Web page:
If you differ on beliefs, morals or ethics, it could very well be problematic. This does have a lot to do with faith, and let’s face it, not all people of the same faith are equally faithful, and obviously those of different faiths altogether are a whole other ball game. I’m in no way suggesting people who marry must be of the same faith, same sect and share the exact same beliefs. As long as wherever it is they both stand in that matter, their stance does not clash or contradict each other majorly (I'm trying to get a delicate message across here without being too direct, but I feel like I'm only complicating it further). I don’t want to dwell on it too much because this could get slightly controversial. However it does shock me how some people do neglect this point. Here's an example of when couples may clash on such issues and how it could affect them:
The couple had a child, Rayan. As the mother, Deena felt she had the chance to influence her son more. Nawaf couldn’t care less, he was merely there to ensure his son became a man and that included a lot of distant tough love. As Rayan got older, Deena would encourage him to pray. His dad wouldn’t take him to Friday prayers at the mosque and she ashamedly asked her brother to take him every week. She was adamant not to let Rayan turn into his father. It was hard enough to see the man she loved so conflicting with her own beliefs, to see her son that way would be too painful to think about. Alas, the older Rayan grew, the more inquisitive he became; how come the rules don’t seem to be applying to his father?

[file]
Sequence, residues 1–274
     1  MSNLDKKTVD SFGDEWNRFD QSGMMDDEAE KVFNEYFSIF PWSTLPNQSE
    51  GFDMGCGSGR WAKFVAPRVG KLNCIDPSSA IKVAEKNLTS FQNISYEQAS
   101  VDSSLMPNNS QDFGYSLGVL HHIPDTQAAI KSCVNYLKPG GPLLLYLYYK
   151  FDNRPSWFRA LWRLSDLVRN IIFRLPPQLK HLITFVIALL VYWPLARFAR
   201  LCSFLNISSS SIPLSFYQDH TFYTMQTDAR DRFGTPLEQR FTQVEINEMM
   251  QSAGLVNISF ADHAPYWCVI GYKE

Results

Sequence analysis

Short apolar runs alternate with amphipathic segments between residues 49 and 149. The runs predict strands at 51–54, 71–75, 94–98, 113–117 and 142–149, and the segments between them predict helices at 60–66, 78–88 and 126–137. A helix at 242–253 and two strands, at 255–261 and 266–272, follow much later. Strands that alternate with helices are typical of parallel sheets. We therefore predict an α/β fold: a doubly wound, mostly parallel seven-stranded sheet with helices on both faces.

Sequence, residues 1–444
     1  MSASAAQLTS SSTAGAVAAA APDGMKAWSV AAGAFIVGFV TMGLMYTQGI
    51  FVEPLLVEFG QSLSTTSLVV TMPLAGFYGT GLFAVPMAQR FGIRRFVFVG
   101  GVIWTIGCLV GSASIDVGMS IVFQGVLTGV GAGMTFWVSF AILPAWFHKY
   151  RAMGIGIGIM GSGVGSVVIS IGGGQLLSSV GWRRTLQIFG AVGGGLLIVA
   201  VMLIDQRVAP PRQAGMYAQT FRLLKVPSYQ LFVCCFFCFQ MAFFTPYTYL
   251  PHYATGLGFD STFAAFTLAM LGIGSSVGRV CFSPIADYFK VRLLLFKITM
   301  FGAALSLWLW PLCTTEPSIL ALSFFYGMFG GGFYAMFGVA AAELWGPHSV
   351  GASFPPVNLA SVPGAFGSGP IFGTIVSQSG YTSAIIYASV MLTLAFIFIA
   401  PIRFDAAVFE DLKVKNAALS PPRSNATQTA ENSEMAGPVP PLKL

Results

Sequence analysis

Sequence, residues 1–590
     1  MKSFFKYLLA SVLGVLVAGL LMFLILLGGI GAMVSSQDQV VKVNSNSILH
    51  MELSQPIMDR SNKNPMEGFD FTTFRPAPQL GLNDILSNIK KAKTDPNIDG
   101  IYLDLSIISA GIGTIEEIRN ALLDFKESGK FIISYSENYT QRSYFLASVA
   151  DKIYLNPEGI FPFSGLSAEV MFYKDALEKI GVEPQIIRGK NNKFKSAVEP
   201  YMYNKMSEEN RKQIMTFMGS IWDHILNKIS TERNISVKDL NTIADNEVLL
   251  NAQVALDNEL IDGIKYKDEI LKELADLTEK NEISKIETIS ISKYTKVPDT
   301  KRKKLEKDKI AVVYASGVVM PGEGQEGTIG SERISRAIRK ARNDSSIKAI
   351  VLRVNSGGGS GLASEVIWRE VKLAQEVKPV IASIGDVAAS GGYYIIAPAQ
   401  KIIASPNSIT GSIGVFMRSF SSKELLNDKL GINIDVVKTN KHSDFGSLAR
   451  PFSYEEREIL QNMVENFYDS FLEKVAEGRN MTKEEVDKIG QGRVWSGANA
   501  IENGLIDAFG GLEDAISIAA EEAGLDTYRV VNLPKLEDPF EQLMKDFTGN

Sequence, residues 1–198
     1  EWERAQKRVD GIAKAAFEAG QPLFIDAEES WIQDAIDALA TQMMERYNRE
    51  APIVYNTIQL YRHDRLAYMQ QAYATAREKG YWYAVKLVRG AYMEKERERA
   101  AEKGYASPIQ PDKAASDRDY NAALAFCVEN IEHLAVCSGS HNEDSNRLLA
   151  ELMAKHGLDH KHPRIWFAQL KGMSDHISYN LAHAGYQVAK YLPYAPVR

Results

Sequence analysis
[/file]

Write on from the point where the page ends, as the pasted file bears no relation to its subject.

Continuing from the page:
And with very little effort from his father, Deena’s nightmare slowly began to come true. There doesn’t have to be any direct influence, Nawaf simply being there was influence enough. As the days went by, Deena saw Rayan slip through her fingers, and she resented her husband for it. The guy did nothing, he did not actively influence their son, but Deena spent her days passively punishing him for it. The tension continued to grow, her heart continued to break.